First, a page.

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An exploration of how Jules Verne used his writings to encrypt important Masonic and Rosicrucian secrets and sacred symbolism
• Investigates Verne’s connections to the prominent secret societies of his time: Freemasons, Golden Dawn, Angelic Society, and Rosicrucians
• Reveals how certain of Verne’s works hold the key to deciphering the Rennes-le-Château mystery
• Explores Verne’s relations with other authors whose works reveal similar esoteric influence: George Sand, Gaston Leroux, Bram Stoker, and Maurice Leblanc
Prolific author and pioneer of the science fiction novel, Jules Verne also possessed a hidden side that was encrypted into all his works--his active participation in the occult milieu of late-nineteenth-century France. Among the many esoteric secrets to be found are significant clues to the Rennes-le-Château mystery, including the location of a great treasure in the former Cathar region of France and the survival of the heirs to the Merovingian dynasty. Verne’s books also reveal Rosicrucian secrets of immortality, and some are constructed, like Mozart’s The Magic Flute, in accordance with Masonic initiation.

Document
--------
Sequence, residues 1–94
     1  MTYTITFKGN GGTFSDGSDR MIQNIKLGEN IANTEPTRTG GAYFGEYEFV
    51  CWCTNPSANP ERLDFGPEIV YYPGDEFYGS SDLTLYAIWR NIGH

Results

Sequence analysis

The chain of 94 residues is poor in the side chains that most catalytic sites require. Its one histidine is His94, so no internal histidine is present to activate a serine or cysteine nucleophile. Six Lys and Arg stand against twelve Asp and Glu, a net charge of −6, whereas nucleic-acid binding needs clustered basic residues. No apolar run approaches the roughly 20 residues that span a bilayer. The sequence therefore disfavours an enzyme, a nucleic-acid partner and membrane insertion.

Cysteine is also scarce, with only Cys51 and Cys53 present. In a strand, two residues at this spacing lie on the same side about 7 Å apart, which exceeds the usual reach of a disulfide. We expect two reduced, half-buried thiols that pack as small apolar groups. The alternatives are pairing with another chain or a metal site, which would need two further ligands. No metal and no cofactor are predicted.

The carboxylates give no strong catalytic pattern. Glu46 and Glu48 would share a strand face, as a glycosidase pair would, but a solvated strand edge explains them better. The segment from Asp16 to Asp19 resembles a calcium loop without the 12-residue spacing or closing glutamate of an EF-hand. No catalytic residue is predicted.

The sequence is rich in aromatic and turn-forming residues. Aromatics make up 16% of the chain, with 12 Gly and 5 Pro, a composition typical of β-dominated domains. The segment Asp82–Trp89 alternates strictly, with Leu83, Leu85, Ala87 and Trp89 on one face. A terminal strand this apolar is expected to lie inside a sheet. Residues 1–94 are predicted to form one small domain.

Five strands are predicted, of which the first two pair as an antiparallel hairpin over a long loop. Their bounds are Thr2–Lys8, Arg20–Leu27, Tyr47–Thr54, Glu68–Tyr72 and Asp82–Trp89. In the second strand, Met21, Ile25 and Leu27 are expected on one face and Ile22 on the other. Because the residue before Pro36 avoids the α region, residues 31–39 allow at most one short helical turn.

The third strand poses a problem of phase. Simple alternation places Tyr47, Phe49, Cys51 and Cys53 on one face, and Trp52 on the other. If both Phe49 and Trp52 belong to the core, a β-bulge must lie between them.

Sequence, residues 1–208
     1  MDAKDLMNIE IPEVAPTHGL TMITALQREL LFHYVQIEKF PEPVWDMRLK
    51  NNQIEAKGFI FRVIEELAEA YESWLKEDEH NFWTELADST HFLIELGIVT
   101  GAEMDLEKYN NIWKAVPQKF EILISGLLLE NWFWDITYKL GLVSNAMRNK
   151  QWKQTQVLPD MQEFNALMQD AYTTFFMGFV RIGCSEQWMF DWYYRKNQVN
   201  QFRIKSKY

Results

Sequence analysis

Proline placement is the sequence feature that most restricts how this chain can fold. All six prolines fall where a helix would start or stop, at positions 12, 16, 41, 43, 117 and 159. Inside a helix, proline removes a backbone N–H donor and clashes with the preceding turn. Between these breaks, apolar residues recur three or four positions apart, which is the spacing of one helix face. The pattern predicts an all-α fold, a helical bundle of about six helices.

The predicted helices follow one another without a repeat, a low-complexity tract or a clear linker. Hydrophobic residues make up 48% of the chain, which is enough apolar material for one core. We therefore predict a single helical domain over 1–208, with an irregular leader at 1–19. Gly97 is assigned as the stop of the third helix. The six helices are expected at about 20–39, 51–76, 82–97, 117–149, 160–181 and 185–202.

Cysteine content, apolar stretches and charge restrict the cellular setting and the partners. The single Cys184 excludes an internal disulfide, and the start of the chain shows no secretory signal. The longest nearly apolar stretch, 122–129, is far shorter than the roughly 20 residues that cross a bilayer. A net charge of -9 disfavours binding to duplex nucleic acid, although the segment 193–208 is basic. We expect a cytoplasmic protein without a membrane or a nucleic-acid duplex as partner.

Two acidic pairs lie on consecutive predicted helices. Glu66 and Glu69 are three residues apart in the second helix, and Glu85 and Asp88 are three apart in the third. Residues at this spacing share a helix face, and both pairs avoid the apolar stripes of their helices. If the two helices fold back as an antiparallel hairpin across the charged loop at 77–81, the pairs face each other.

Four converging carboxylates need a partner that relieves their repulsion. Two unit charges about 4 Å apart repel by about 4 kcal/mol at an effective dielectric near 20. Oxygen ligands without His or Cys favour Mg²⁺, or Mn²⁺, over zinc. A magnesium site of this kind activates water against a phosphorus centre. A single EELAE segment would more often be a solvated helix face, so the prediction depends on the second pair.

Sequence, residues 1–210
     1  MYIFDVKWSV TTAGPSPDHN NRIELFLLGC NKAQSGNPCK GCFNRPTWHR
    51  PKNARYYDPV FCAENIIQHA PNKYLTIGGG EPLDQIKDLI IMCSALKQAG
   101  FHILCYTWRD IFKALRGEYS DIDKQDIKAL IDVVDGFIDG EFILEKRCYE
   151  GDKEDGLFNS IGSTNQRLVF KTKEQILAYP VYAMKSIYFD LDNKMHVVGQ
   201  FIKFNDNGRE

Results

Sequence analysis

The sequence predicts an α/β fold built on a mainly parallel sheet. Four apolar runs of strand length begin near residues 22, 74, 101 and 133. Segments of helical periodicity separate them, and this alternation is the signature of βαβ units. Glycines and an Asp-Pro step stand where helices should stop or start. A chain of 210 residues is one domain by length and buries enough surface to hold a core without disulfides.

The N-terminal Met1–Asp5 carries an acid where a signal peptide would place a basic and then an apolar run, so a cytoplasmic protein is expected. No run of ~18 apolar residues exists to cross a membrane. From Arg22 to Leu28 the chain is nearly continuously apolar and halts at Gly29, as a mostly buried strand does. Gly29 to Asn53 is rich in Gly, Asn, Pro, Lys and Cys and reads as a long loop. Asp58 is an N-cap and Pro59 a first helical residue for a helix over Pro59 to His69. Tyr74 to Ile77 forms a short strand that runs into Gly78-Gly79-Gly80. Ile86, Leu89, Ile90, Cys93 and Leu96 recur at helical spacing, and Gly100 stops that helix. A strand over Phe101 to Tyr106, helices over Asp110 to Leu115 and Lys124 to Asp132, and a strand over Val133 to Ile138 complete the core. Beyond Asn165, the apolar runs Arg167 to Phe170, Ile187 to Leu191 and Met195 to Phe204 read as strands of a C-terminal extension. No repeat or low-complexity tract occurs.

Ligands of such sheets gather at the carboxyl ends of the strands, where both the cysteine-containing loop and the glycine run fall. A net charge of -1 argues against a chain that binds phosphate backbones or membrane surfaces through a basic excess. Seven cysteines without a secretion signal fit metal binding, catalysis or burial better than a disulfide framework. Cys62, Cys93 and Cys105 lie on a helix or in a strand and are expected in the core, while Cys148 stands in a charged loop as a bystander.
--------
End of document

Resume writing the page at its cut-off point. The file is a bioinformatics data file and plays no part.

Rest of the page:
The passe-partout to Verne’s work (the skeleton key that is also the name of Phileas Fogg’s servant in Around the World in Eighty Days) lies in the initiatory language he employed to inscribe a second or even third layer of meaning beneath the main narrative, which is revealed in his skilled use of word play, homonyms, anagrams, and numerical combinations. The surface story itself is often a guide that tells the reader outright what he or she should be looking for. Far from innocuous stories for children, Verne’s work reveals itself to be rich with teachings on symbolism, esoteric traditions, sacred geography, and the secret history of humanity.